Of course, you should follow your dentist's recommendations after having a tooth extracted since the pain of a dry socket can be unbearable. But, what are other ways to prevent getting dry sockets?
You can employ several home remedies in addition to the standard pharmaceutical treatment to avoid dry sockets. Some of these steps are as basic as drinking all liquids through straws, refraining from smoking, and eating only soft foods.
In this article, we will go through all the necessary information to address your concerns about dry socket and other related topics. Let’s get started!
When the blood clot at the tooth extraction site dissolves or becomes dislodged, it leads to dry socket also called alveolar osteitis. Without this clot, the temperate region below is left unprotected. This leaves the socket open to more damage and infection. In addition, the nerves and bone tissue near the extraction site are safeguarded by this blood clot. Is it common, though?
Well, fortunately, only a tiny percentage of persons who have teeth pulled experience issues like alveolar osteitis. This is because the issue affects more teeth in the lower jaw than those in the upper jaw. Additionally, after molar extractions, the signs of dry sockets are more frequent, mainly if the oral surgeon works with a wisdom tooth.
Most dentists believe that you are most likely to experience dry sockets in the first seven days after tooth extraction. While more research is required, most dental professionals concur that less than 1%–5% of persons experience dry sockets after tooth extraction.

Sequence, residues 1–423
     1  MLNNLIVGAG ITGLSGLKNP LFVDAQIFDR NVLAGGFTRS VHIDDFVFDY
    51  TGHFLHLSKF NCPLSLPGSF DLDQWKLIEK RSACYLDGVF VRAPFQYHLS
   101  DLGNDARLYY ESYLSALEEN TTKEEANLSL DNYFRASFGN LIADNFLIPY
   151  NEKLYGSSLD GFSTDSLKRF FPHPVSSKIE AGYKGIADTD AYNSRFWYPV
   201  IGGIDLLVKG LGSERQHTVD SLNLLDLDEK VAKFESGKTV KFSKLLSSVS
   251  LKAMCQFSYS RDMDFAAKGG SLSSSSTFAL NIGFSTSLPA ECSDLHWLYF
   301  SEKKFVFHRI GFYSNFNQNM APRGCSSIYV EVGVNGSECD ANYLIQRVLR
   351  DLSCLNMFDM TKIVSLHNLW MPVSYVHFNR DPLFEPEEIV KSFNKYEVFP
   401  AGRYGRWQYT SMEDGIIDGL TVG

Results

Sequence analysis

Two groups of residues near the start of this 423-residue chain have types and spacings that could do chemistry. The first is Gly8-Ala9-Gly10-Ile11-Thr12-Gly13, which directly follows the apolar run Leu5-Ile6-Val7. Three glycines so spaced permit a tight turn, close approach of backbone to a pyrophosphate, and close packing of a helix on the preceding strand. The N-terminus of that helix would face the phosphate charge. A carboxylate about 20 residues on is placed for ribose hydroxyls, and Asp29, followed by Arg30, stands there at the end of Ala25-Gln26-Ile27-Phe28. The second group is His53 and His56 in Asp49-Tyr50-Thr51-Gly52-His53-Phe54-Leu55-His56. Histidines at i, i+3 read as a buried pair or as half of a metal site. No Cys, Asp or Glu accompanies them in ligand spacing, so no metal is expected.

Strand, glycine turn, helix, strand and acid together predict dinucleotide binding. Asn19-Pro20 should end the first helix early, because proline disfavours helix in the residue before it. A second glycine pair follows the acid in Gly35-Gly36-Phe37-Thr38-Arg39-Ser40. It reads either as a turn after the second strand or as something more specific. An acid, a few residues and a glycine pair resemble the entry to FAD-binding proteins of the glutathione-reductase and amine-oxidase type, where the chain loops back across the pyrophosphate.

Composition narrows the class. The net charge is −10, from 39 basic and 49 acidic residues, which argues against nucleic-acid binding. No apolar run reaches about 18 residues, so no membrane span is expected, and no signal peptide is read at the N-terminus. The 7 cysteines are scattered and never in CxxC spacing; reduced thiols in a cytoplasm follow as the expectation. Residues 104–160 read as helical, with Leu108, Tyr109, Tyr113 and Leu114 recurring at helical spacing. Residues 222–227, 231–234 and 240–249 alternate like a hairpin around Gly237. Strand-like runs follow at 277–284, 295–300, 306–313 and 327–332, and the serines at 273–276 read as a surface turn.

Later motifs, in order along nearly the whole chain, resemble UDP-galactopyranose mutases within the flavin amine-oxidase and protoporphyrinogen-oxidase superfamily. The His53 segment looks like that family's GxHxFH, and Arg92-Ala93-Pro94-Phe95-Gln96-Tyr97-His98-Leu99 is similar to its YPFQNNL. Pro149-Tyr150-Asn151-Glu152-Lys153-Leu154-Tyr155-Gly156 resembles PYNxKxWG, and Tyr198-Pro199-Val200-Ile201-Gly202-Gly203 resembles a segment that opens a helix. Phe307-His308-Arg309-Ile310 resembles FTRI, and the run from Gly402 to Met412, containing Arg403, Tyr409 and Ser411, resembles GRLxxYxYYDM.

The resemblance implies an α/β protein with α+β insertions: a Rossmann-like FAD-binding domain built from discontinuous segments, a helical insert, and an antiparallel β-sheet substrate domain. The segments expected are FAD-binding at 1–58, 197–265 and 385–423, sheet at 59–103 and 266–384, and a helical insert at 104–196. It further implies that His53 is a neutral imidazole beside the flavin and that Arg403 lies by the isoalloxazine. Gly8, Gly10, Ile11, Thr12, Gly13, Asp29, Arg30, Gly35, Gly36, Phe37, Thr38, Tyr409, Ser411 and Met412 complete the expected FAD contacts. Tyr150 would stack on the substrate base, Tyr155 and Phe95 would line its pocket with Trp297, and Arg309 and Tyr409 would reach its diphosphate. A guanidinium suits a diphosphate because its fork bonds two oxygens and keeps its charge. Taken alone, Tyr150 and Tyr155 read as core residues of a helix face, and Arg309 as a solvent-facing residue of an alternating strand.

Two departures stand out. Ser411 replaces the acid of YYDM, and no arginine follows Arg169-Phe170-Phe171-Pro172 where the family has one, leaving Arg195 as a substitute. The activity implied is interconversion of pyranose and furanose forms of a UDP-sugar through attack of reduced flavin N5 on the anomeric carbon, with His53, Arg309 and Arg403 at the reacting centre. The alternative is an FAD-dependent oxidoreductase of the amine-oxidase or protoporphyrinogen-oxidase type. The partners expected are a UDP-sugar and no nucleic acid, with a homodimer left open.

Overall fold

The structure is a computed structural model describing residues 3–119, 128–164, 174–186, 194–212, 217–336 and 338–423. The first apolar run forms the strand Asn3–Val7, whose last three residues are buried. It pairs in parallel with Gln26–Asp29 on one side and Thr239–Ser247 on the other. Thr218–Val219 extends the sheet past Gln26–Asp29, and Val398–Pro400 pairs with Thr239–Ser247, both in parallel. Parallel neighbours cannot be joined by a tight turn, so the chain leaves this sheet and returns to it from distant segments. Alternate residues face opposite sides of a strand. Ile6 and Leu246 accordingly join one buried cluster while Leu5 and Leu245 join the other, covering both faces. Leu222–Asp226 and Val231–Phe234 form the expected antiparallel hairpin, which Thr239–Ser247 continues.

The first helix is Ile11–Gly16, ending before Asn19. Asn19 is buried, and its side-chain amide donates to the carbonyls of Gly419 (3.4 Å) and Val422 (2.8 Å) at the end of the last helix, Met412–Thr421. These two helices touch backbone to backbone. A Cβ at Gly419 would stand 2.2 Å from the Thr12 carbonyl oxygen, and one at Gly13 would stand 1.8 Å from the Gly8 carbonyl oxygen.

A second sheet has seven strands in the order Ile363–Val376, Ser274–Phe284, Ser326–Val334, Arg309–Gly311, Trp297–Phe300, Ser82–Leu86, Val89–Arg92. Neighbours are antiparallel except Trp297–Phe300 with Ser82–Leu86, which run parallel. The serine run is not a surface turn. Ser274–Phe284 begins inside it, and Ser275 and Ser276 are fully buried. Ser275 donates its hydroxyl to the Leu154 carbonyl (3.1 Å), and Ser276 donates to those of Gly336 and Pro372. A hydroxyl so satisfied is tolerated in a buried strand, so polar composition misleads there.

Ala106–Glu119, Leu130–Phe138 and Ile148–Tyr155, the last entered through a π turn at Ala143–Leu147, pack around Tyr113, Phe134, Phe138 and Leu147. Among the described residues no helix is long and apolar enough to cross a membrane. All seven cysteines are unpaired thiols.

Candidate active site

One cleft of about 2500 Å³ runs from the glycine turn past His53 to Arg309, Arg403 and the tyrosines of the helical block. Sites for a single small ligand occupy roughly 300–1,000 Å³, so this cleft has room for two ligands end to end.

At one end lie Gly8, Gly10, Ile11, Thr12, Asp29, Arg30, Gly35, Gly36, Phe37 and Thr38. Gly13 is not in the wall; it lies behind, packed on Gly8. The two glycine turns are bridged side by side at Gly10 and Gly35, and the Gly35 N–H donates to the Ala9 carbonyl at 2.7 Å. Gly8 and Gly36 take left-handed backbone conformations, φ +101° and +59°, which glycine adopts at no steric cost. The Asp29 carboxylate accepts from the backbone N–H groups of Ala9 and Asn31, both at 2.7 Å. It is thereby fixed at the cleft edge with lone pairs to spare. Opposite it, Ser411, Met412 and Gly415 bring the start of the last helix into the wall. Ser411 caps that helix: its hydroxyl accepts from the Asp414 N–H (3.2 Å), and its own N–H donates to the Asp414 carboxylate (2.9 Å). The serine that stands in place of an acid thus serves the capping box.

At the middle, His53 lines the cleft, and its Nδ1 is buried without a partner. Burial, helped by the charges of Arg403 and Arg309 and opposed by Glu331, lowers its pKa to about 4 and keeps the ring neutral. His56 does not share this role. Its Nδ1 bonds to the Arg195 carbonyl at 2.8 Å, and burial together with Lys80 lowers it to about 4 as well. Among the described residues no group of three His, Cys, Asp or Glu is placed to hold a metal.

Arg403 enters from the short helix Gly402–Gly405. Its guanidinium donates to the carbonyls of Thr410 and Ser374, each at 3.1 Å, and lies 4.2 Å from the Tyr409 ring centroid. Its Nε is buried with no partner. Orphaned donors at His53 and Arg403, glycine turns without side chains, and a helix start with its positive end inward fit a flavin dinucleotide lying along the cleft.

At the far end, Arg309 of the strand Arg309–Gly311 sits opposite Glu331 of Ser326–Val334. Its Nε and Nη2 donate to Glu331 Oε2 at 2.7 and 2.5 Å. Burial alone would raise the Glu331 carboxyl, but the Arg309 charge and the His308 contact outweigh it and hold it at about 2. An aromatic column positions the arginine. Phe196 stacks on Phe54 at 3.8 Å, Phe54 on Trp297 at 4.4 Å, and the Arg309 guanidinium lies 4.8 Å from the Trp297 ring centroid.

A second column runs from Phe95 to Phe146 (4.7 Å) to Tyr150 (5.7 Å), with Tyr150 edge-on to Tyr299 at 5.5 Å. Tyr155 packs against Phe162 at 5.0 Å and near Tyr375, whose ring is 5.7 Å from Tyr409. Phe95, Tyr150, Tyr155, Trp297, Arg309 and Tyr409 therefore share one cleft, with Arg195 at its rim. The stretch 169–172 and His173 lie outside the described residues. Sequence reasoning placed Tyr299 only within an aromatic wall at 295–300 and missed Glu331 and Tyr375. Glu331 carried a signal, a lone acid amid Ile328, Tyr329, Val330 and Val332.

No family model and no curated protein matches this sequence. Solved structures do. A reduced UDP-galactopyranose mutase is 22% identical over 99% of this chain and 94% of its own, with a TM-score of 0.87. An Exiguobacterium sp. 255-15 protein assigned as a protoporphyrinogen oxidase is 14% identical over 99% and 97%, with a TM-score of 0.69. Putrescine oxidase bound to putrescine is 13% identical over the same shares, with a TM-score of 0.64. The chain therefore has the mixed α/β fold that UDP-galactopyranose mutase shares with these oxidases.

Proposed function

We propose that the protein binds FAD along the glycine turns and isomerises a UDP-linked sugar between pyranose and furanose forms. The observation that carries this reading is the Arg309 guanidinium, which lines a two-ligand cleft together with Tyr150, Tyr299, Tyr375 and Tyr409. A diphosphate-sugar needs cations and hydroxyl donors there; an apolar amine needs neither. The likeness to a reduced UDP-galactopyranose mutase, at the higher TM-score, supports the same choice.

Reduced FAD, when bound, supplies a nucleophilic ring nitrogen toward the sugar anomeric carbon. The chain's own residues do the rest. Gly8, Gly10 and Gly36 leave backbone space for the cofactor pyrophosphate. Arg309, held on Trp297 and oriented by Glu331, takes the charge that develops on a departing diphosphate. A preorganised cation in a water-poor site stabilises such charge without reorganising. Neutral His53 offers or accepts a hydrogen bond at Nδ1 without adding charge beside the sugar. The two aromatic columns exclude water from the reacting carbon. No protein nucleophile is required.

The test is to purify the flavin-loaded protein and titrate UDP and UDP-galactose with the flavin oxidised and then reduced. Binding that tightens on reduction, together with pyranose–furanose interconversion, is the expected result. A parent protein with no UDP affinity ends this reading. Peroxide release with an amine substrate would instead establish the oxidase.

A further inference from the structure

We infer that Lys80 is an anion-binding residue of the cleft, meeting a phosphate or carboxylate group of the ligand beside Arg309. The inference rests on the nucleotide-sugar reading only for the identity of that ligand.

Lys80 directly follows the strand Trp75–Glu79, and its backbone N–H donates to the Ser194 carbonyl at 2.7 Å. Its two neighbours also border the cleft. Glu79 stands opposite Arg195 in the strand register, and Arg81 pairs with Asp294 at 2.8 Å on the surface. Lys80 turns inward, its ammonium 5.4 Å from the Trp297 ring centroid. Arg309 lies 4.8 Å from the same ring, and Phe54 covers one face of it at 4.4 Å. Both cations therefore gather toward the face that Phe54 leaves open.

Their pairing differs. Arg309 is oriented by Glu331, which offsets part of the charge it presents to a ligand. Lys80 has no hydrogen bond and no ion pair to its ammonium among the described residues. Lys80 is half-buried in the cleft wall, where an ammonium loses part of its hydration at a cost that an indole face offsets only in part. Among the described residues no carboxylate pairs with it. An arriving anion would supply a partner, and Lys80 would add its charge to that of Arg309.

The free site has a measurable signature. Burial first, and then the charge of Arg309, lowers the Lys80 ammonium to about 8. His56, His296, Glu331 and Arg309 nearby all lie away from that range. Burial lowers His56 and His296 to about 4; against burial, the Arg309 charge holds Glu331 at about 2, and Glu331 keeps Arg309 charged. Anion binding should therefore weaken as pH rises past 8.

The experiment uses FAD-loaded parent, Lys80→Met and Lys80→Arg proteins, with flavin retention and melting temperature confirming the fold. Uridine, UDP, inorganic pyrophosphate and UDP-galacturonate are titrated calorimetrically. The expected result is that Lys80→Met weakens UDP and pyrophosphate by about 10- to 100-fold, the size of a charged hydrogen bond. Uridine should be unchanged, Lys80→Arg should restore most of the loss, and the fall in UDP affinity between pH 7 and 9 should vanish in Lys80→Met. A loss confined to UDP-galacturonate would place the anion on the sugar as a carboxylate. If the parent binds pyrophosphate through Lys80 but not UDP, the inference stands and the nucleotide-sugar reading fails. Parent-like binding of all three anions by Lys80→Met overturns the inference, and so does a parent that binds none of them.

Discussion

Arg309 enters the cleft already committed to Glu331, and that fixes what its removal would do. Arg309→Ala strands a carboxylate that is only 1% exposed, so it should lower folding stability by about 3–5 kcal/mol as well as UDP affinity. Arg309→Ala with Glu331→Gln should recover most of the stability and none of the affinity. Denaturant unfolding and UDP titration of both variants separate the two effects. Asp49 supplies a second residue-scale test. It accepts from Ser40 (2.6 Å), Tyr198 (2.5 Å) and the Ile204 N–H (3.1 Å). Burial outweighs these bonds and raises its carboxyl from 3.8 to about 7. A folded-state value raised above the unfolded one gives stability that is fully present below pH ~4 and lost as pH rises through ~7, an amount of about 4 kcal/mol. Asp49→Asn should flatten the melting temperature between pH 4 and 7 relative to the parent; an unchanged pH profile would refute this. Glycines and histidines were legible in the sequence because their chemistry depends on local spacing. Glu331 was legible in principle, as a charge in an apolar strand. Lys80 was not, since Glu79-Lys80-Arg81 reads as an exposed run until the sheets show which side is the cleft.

When the blood clot protecting the bone and nerves below is dislodged or dissolves too quickly after an extraction, it leads to a dry socket. It's unclear what causes this in some cases, while others don't experience any issues.
Most people who get dry sockets are women of childbearing age (18-45 years). This may be because these individuals have more complicated extractions than other groups. Also, smokers are at a higher risk of developing dry sockets than non-smokers.
Dry socket pain usually starts about 2–3 days after having a tooth extracted. The discomfort intensifies when you lie down or try to sleep. It is essential to seek dental help if this occurs since the pain can become unbearable, making it difficult to carry out your daily activities.
In addition to severe pain, other signs of dry socket include:
If you experience any of these symptoms, please call our office so we can evaluate and treat you as soon as possible.
The primary goal of treatment is to ease your discomfort while the area heals. Your dentist will likely rinse the socket and pack it with medicated gauze to promote healing and relieve pain. The dressing needs replacement every few days. In some cases, your dentist may prescribe antibiotics to prevent infection.
Over-the-counter pain relievers like ibuprofen or aspirin can also help with the pain. However, avoid using tobacco products, which can irritate the extraction site and delay healing. It's also essential to maintain good oral hygiene during this time by brushing and flossing carefully around the area.
Seaglass Dental Care is committed to providing you with the best possible oral care. Please do not hesitate to call us if you have any questions or concerns.